By Annette Halsey
Do you ever wonder what you are spreading at church? The last three years during the COVID pandemic, we have been inundated with reminders that people can spread germs to each other and how to take precautions to protect our loved ones and others around us. While I enjoy meeting and talking with other people, I want to make sure I am not spreading any sickness. Even when I am not sick, I still try to watch my words to make sure I am not spreading gossip, partial truths, or discontent. There are so many ways to accidentally say the wrong thing and cause harm, and so many times that I don’t think I am really sick but I might be, that each time I get together with others I feel that I need to be cautious of what I might be spreading.
Not long ago I was enjoying a conversation with a friend at church when she asked me an unexpected question: she wanted to know how to care for sourdough that came from my starter. The question was unexpected because I hadn’t given her any sourdough—I didn’t even know she was interested. I had given a starter to a mutual friend, and apparently it had spread from one friend to another.
I like knowing other people who also bake sourdough bread. We can swap recipes, and if any one of us accidentally uses all of her culture in a recipe, without leaving out a starter, we can get more starter from one of the others. But I also recognize that growing sourdough is a morally neutral activity. I can use good bread to nourish my family and others; I can enjoy experimenting with baking, understanding creation better and how to use it in a good way; and I can even encourage others by sharing starter. While I can use sourdough to honor God in those ways, He does not command me to culture sourdough, and my baking does not of itself bring me or anyone else closer to Him.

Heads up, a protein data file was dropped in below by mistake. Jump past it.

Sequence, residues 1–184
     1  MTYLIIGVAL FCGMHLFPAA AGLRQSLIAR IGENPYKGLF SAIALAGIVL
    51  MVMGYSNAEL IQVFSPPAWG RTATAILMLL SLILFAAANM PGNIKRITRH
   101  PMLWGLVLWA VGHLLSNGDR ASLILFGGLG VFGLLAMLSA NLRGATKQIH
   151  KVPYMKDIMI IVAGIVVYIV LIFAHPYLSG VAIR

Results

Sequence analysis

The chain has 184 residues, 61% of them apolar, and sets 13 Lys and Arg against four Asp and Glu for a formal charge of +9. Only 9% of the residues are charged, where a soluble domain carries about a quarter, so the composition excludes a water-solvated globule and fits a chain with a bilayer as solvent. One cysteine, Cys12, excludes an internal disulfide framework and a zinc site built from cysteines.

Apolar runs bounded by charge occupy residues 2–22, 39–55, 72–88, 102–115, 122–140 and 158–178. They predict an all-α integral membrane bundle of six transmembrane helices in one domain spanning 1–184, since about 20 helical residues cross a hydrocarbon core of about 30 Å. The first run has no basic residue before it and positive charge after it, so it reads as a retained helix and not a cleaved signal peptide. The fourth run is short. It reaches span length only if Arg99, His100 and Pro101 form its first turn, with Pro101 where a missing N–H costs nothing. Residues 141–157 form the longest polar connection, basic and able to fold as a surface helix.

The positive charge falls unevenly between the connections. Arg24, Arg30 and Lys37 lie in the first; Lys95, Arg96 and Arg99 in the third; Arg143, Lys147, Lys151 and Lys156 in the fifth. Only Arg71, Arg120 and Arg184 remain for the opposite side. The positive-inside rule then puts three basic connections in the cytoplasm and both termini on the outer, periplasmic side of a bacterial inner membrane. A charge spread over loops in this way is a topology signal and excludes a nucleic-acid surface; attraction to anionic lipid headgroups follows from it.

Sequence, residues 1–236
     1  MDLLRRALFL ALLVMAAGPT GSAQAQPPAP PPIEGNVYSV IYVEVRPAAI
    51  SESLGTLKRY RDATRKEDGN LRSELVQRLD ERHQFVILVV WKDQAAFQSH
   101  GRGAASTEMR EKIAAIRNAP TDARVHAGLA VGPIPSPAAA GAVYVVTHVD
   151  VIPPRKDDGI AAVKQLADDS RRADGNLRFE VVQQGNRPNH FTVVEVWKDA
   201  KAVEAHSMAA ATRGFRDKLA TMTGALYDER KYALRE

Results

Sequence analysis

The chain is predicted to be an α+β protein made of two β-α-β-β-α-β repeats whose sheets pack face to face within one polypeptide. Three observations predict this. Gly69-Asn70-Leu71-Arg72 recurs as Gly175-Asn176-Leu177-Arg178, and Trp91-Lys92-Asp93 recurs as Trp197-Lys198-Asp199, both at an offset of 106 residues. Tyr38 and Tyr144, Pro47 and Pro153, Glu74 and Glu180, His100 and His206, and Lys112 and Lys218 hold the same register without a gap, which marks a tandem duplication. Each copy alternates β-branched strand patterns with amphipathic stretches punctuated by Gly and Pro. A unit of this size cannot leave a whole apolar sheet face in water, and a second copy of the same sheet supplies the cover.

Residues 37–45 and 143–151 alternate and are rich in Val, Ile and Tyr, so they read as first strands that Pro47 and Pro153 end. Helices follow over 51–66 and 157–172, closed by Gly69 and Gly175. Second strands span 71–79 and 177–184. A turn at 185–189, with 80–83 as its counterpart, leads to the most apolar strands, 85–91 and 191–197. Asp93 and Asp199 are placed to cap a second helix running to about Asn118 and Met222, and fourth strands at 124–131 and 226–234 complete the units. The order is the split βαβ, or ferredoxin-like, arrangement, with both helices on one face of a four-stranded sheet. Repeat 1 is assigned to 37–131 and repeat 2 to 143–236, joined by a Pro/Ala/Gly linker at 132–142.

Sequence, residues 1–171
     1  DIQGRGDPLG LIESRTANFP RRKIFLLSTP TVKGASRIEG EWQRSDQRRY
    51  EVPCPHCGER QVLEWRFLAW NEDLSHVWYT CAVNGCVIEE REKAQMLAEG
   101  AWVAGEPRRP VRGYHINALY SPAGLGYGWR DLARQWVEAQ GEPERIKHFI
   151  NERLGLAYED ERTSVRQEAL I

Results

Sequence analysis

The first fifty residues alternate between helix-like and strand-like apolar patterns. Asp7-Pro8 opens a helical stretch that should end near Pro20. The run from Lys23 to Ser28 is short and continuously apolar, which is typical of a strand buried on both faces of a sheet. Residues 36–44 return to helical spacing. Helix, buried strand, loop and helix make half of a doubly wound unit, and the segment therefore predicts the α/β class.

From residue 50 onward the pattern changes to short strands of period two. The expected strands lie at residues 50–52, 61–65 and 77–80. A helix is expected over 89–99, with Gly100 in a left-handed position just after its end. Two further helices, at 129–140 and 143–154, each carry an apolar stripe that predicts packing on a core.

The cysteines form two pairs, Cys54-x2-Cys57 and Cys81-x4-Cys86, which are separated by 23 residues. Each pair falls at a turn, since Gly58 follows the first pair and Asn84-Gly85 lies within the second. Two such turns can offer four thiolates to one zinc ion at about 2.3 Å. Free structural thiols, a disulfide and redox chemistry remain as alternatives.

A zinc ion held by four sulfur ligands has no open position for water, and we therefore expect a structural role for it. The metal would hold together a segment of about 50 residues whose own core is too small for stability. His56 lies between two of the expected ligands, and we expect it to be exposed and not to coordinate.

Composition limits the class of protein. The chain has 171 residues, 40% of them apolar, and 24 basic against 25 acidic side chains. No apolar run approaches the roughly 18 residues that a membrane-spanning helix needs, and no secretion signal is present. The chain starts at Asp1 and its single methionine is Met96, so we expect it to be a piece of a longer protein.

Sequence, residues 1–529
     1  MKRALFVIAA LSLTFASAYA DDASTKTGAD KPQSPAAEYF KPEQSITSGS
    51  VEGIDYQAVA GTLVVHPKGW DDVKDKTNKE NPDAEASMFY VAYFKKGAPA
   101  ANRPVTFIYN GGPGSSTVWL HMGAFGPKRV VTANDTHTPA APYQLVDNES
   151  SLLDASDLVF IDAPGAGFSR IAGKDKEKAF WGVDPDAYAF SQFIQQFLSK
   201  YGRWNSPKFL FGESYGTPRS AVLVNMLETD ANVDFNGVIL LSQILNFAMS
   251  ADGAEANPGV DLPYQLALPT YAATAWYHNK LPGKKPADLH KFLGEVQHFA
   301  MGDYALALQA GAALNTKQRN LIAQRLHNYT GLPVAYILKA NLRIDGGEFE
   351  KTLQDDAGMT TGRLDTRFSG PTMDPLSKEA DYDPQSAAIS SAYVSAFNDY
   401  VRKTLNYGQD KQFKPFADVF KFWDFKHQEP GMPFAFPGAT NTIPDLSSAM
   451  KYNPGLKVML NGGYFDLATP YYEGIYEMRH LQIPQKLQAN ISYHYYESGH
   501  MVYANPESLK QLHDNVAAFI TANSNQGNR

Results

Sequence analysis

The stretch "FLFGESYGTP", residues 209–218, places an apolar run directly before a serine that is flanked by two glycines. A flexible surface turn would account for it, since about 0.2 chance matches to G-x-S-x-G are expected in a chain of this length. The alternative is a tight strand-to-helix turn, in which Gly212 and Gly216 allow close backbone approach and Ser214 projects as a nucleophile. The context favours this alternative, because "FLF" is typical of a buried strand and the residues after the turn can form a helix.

What sourdough did do for me was to jolt me out of my focus on what is bad about fellowship. Viruses and harmful words are not the only thing that can spread in a congregation—if a physically good thing like sourdough had started spreading, could I also spread spiritually good things that are commanded? In Hebrews we find this passage:
Let us hold fast the confession of our hope without wavering, for He who promised is faithful; and let us consider how to stimulate one another to love and good deeds, not forsaking our own assembling together, as is the habit of some, but encouraging [one another]; and all the more as you see the day drawing near. –Hebrews 10:23-25 (NASB 1995)
That seems like a good place to start. I like those words “let us consider.” It doesn’t say, “if you have good intentions, your words and actions will be a spiritual benefit to those around you,” it says to consider, to think about, how to stimulate one another to love and do good works. The New King James Version reads, “let us consider one another in order to stir up love and good works.”
Looking back in my life, I see quite a number of ways people have encouraged me or have inspired me to love others and to do good works: proffering a kind word, teaching me a skill I was trying to learn, reminding me of the good God had done in particular situations, listening to me, making a meal, showing hospitality, writing a letter, or sending a text message. Praying for me when life was hard. I can’t do all of those things for everybody all the time, but maybe I can do some of those things for some people. Even encouraging one person in one way is a better focus for me to have in a gathering than all the bad things that could happen.
I will probably make mistakes as I try to encourage people. Just as some of my experiments with baking sourdough bread have been inedible, some of my attempts to be encouraging will fail. Maybe someone will even be upset by them. I can pray for wisdom, watch the outcomes, and learn what to say and what not to say as I keep trying to encourage others and stir up love and good works. In my experience, that is part of the process of gaining wisdom for godly living. And as I grow in wisdom and love of the Lord, I pray I can see fellowship as an opportunity to share encouragement—and a Christian community that encourages one another is a culture worth growing.